There’s no doubt about it: writing a book is a gargantuan task. Publishing is another minefield. But once the writing is over, the editing complete and the words in print, how do you actually tell the world about your work? How do you even start to build a readership, let alone make your way onto a bestseller list?
Promoting your novel is a challenge to say the least. For some authors, the logical first step is to get a few reviews under their belt, directly from specialist bloggers. But others vehemently claim:
No! It’s not worth it!.
So, do book review blogs actually benefit the author – resulting in sales and greater awareness? Or are they a waste of time?
Our voyage of discovery has changed immeasurably
Pre-internet, people discovered books at libraries, reading groups, through education or via printed publications. There was a sense of curation. Breaking into the mainstream meant getting that one elusive chance via traditional means. But the world wide web changed everything.
Now, not only can we discover books online, but we can buy them and read them via digital technology too. In fact, chances are you’ve heard about the book you’re reading right now from a tweet, Facebook status, your favourite blog, or even sites like Instagram and Pinterest. And that’s not to mention the millions of reviews on Amazon and an entire network dedicated to books; Goodreads.
Newspapers don’t have the monopoly on book reviews any more – and quite frankly that’s a great and liberating change. For authors like you, it spells opportunity – as long as you know how to grasp it with both hands. And that means understanding how to promote your book to boost sales.
The mechanics of book review blogs
Blogs are a true modern day phenomenon. From grumpy cats to high-end fashion, they are a powerful way to communicate and strike up conversation about popular, geeky, or even controversial subjects.
Book review blogs sit in a very specific but popular online niche. Run by an individual or even a team of reviewers, they are set up with the sole purpose of voicing opinion on fiction and non-fiction. From the latest YA fantasy novels to classic crime thrillers, they pride themselves on being honest and fair – offering blog readers unabridged insight into plot, style, characterisation and more. And that means that no matter if you are a well-known author or a total newbie, you have an opportunity to build a readership.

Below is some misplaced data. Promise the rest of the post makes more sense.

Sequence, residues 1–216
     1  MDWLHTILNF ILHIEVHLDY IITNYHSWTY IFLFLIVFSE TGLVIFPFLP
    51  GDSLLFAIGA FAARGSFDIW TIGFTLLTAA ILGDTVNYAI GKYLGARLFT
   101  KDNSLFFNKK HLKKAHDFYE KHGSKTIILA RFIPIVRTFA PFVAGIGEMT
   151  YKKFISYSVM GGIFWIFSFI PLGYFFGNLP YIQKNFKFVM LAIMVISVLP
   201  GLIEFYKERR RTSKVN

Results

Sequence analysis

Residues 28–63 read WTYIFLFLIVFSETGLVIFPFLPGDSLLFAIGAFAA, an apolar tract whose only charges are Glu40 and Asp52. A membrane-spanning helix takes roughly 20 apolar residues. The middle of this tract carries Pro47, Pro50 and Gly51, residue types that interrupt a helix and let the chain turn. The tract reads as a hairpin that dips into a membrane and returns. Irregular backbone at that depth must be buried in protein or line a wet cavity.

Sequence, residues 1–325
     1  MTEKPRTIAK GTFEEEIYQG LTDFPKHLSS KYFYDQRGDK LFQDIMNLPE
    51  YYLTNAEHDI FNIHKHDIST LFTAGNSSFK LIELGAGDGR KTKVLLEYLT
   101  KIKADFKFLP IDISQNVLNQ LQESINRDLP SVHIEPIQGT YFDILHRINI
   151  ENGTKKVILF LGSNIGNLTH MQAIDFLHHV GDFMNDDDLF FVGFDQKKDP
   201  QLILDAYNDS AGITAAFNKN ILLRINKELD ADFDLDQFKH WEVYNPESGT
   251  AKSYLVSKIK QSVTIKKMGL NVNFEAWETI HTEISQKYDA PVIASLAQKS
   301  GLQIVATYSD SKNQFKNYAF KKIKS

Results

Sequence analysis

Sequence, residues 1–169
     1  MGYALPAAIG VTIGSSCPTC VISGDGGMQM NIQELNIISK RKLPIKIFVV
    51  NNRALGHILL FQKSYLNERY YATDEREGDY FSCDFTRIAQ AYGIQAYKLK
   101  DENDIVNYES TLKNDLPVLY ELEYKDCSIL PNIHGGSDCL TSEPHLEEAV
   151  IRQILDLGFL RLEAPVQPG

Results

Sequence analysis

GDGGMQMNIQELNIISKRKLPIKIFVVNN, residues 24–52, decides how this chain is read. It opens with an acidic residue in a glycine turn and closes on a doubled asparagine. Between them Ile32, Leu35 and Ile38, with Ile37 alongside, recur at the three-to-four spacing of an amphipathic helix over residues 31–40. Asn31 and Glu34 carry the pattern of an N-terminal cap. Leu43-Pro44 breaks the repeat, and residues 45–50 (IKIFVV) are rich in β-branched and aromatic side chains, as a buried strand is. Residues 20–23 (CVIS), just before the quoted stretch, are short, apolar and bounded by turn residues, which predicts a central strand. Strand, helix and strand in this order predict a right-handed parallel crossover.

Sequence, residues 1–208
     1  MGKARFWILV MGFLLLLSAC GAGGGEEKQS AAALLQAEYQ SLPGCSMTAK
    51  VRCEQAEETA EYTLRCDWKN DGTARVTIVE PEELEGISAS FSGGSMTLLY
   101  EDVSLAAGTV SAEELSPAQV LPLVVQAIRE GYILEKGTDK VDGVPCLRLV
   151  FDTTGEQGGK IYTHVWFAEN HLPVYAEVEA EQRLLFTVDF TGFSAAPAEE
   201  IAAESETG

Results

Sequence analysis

To get a better understanding of book review blogs, spend a moment casting your eye over some of the most well-known sites out there. Dear Author is a great example – and with more than 170,000 visits per month, it’s worth paying attention to this blog and others like it. If you have a little more time to spare, Blog Nation will open your eyes to a dizzying array of review blogs – some niche, and others more general.
For authors, it’s worth noting that some blogs expect payment in return for reviews. To dig a little deeper, we ran our own blogger’s survey. Of the respondents. 76% do not charge, while a further 20% of blogs offer both paid and free write-ups. So for the most part, you don’t have to pay to have your book reviewed. Instead, you have to meet their submission criteria – whether that’s fitting into a specific genre, demonstrating that it’s your first novel, or has been published in a particular way – perhaps as an ebook or via an indie publishing house.
When it comes to marketing, the idea of book review blogs certainly makes sense. They’re an accessible way for authors to get their work talked about. And for readers, they can be a valuable resource to discover new writing talent and the hidden gems of the literary world. But do these book review blogs actually help up-and-coming authors? Are they a good way to promote ebooks, or is it all just a big waste of time?
How can book review blogs help authors?
To get the word out about your books, you need to shout from the rooftops. But let’s face it, who would believe it if you – the author – told them it was the biggest thing since The Hunger Games, or as mind-bending as 1984? The reality is, they wouldn’t. To have enough faith in buying your book, you need unbiased advocates of your writing. People who will discuss your characters, wrap themselves in your plot and debate over the details. In short, you need reviews. Real, honest reviews.